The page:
This leads to the point of memory (this is not a different point, but more of a joining of points). If you’ve gotten this far in this blog post you’re probably A. relatively few and B. you’re someone who also likes music which means that you have probably experienced that phenomena of which music is so so so capable; in which music can remind of you of something you’ve ‘forgotten.’ It isn’t necessarily a thought or a set point in time, but it is more of a foggy ghost of a state of existence that tends to be remarkably relatable and lucid in an emotive sense. It has nothing to do with the lyrical content of the song or piece of music, just the musicality and feel (which is why i’ve deviated from a attention of production and things that simply ‘sound so sick’ and moved towards the ‘rawness’ in the expressive nature — unless of course, the production is enhancing a sense of realism and fidelity as opposed to a polished curtain, then it becomes highly admirable. this is a whole different topic of its own.) Compared to short term memory, long term memory is relatively permanent and its capacity is virtually infinite. Long term memory is a dynamic network of similarities or organizations of links and experiences; it is a dynamic interdependent information network. It is highly organized. But it is also passive. It doesn’t remember everything without help or association. This is the best way I can think to explain it: it would be incredibly difficult to list all the letters in the alphabet from memory without utilizing or having any type of A, B, C,…. order. You would come up with maybe 15 letters or something, but then you’d have difficulty figuring out which ones you’ve already listed and which ones you haven’t. And then when you get to 24 or 25 letters you’ll have the most difficult time recalling those last two letters without going through ‘the ABCs’ in your head. It isn’t that the letter is absent from your mind, you just don’t have any type of order in your mind to help you remember it. Or suppose the 50 states of America: if someone pointed me to a map of the United States, I could fill in the names of all the states. But if someone gave me a sheet of paper and told me to write the names of the 50 sates of America, that would be incredibly difficult without utilizing some type of mental map in my head. We remember things by associations and patterns and order; neural pathways. In a way, we never actually completely ‘forget’ things once they have made it into our explicit or implicit long term memory, but we do experience retrieval failure because of lack of association, patterns, or order (or interference as well.) Music you’ve listened to often will relight those dark neural pathways and create a lucid feel of another time; that time being the subtle point when the music and a current state of being became associated — and while without that music you may be incapable of recalling that state (in fact you might not even be aware of that state of being), the music associated to that state of being will illuminate the pathways in your mind leading to a ghost of that state of being. It is important to note that it is a type of ghost, and not the actual state of being. You are still rooted in your current state of being, whatever that means (I think). You do not and are unable to switch back to that old state of being and that is a good thing. But you can remember it lucidly and examine the associated past and that, I suppose, answers the question posed in the last paragraph: “How is familiar music more valuable compared to new music? How does it have ANY value in my situation?”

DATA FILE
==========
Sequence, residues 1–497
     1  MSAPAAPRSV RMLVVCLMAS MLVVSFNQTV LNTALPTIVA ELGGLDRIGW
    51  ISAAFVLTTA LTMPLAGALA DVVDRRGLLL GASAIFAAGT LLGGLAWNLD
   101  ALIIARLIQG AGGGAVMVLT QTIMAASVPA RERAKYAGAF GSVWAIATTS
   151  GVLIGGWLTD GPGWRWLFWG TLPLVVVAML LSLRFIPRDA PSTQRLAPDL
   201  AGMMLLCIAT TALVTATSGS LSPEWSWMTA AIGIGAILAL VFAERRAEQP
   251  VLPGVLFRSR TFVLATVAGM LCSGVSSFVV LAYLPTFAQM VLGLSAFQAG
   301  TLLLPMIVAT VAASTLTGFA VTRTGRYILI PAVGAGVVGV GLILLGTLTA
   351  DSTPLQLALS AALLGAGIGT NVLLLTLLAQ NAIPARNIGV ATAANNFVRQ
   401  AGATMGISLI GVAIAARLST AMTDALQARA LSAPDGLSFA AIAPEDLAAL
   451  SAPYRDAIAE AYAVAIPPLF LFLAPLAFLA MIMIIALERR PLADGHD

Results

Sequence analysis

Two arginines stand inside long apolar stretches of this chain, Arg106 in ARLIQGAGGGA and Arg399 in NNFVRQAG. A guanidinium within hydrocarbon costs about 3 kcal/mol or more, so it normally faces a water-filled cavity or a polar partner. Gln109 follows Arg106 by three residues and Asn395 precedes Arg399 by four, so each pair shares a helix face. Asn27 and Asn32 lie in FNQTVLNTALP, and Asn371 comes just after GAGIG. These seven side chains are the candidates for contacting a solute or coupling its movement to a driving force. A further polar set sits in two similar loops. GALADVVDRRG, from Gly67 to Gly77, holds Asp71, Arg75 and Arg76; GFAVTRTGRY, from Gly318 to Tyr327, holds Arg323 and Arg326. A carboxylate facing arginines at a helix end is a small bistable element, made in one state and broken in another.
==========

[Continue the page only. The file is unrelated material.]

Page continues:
The question I posed myself which I still haven’t directly answered is this “So why not wait and make this meaningless documentation of my favorite music of this year later?” When better to explore and examine all the associations or ‘states of being’ associated to my favorite music I’ve listened to throughout the year than in this current confusion? When better to put the thought into describing, hopefully thoroughly and intelligently and definitely emotionally, that which I loved in music this year; to navigate the year in music to shed light and remember that which I’ve forgotten. And do so in order to see how I’ve arrived to where I am now. What have I overlooked?
Here is how I’m going to do this. Last year I created a ‘songs list’, and an ‘albums list’ with descriptions of each album. I will move further into the direction of descriptive writing and I will mostly eliminate the usage of isolated lists (i.e. one list for songs, one list for albums, etc…) and completely eliminate the usage of numerical lists (I will not number down favorites and then ‘crown something best’ because, quite frankly, itdoesn’t actually work like that). Instead I intend to create a constant stream from now through December of favorite musical anythings of 2011 (primarily albums and songs but also artist profiles, blogs, live shows/experiences, album artwork, vinyl packaging). Every time I post something I will write about it (and of course, I will only post that which I have something to write about, otherwise it is tedious and unnatural.) And I will also write the month of the year that [whatever it is I am posting about] belongs in for me. Oh and while nothing will be numerically ordered (because, as I said before, It doesn’t work like that) I will tend to write about my favorite favorite favorite favorites of the year more and more toward the end of this project because, while numerical lists aren’t how favorites really work, neither is the idea that ‘they are all the same.’ Instead there will be an abstract ‘countdown’ type of progression from that which I loved, to that which I loved loved, to that which I loved loved loved, hazing the subtle lines between these tiers. Similarly the sky changes color before our eyes during the course of a sunset, but when precisely does it turn from light to dark? I don’t know.